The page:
This fine repoussed shallow silver bowl is from Ottoman Turkey. The central roundel is decorated with a building with Byzantium Orthodox domes and is most probably meant to represent a church, or given the minaret, perhaps a church that has been converted to a mosque. Such representations of buildings often are seen in silverwork commissioned by the local Armenian community. Three poplar trees rise from behind the building.
The interior sides of the bowl are decorated with six petal-like cartouches which are repoussed in an Ottoman style with sprays of roses. More roses separate the cartouches.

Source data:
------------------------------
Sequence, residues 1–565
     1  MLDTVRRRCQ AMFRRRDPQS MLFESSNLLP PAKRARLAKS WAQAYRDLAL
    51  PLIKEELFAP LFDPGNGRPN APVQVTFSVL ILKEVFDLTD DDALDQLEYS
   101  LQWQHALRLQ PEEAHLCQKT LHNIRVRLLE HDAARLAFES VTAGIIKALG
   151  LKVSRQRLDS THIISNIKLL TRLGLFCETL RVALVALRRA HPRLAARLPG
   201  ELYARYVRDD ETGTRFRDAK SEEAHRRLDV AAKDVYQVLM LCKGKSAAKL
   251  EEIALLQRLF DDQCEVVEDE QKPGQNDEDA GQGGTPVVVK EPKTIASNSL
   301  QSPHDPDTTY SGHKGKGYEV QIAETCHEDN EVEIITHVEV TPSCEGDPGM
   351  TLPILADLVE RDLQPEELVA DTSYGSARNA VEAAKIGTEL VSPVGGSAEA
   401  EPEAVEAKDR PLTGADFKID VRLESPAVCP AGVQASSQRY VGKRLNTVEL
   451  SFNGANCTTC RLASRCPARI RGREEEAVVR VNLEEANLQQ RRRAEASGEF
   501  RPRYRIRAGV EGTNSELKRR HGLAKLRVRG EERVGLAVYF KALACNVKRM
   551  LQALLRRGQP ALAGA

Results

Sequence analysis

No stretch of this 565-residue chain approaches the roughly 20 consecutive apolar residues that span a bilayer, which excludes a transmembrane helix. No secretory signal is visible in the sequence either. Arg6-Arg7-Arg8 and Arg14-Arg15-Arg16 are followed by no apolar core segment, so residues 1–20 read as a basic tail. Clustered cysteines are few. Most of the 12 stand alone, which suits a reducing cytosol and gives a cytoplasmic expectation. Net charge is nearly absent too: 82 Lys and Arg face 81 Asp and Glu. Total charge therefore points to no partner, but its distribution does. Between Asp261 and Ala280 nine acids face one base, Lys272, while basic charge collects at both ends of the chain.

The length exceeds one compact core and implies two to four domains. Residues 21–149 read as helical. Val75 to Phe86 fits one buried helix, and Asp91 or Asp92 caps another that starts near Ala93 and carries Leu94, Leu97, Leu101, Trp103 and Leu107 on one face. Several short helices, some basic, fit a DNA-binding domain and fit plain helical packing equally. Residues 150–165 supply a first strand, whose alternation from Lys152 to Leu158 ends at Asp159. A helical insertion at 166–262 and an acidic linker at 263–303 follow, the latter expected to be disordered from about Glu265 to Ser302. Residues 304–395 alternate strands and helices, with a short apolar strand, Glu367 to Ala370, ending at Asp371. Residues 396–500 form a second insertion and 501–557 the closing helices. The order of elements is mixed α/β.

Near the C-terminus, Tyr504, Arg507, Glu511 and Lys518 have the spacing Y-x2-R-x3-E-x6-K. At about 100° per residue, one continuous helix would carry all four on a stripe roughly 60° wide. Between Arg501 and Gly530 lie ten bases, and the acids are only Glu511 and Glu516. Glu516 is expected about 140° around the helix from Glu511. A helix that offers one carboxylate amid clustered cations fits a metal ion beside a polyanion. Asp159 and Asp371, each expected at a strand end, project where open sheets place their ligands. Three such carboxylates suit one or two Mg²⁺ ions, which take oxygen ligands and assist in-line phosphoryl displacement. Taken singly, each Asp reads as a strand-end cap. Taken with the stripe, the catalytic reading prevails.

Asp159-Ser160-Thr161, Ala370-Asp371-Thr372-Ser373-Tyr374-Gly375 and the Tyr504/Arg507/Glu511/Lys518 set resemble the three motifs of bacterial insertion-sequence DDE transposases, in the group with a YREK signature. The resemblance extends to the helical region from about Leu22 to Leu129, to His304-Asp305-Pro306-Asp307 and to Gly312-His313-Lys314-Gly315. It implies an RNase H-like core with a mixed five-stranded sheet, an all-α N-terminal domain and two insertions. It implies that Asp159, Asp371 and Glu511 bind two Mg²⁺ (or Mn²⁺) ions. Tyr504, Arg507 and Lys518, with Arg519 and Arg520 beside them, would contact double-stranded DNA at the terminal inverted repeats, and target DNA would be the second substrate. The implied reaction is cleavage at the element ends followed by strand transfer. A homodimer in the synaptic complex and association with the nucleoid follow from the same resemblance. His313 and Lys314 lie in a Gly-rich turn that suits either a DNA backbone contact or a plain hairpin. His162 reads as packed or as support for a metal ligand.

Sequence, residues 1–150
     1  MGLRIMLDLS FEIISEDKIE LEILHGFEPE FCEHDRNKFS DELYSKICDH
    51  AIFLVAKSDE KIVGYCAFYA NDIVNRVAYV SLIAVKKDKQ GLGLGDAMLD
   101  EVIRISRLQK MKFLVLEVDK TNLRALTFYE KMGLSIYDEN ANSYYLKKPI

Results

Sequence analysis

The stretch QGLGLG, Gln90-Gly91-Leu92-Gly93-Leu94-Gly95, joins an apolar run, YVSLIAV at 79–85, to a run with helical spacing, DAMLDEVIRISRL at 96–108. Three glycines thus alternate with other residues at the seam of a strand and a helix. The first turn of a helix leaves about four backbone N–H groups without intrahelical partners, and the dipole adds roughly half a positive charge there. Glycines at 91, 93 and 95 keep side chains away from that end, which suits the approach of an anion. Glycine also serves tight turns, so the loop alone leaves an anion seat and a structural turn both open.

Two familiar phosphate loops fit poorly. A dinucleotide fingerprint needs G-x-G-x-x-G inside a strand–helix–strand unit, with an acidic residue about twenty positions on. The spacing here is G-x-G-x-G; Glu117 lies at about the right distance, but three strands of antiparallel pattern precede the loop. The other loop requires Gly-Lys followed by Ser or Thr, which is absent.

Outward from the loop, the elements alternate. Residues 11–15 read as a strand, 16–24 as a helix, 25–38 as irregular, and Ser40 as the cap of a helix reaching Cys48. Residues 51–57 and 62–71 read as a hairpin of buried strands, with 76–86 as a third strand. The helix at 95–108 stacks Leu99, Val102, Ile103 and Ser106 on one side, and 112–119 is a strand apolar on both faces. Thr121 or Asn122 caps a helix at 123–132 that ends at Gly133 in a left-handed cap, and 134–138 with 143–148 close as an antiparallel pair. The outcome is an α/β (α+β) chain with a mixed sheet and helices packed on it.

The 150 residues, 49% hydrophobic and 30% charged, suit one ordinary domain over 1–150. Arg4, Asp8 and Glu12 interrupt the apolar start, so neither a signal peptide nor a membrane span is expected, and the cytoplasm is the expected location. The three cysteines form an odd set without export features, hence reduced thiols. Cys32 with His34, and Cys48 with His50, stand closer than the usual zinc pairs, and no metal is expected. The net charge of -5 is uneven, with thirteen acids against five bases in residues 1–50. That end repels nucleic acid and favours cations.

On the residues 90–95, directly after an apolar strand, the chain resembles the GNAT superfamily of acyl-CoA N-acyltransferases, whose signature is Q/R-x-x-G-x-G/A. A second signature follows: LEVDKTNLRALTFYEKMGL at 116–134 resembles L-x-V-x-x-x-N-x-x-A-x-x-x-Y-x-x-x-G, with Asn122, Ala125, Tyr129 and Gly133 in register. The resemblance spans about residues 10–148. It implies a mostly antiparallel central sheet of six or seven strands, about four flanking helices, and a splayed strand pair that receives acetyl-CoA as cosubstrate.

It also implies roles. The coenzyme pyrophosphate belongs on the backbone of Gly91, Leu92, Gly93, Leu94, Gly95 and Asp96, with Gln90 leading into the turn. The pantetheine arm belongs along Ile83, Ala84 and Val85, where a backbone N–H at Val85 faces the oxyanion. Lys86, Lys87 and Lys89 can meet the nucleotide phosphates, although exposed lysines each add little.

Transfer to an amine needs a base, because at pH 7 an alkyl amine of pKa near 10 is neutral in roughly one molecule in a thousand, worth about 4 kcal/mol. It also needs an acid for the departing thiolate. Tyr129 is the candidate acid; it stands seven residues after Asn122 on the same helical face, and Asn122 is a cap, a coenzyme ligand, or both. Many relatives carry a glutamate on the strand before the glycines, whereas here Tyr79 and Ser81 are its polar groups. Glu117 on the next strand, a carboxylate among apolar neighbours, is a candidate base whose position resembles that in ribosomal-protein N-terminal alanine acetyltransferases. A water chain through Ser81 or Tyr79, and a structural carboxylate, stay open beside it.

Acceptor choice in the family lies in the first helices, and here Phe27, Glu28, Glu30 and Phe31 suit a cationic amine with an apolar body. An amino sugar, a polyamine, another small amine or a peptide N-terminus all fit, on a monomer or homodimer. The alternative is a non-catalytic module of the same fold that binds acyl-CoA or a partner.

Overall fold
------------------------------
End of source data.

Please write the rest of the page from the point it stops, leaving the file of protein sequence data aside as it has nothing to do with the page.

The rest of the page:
The base of the bowl has a slight dome, providing a convex interior.
The base has been stamped with a tugra (the symbol of the reigning sultan used as a local Silver control mark.) The tugra is indistinct.
Other than for some age-related tarnishing (which could be removed but we have elected not to do so), the bowl is in excellent condition. The dish is finer and more ‘silvery’ than suggested by the photographs.
Pitarakis, B., & C. Merantzas, A Treasured Memory: Ecclesiastical Silver from Late Ottoman Istanbul in the Sevgi Gonul Collection, Sadberk Hanim Muzesi, 2006.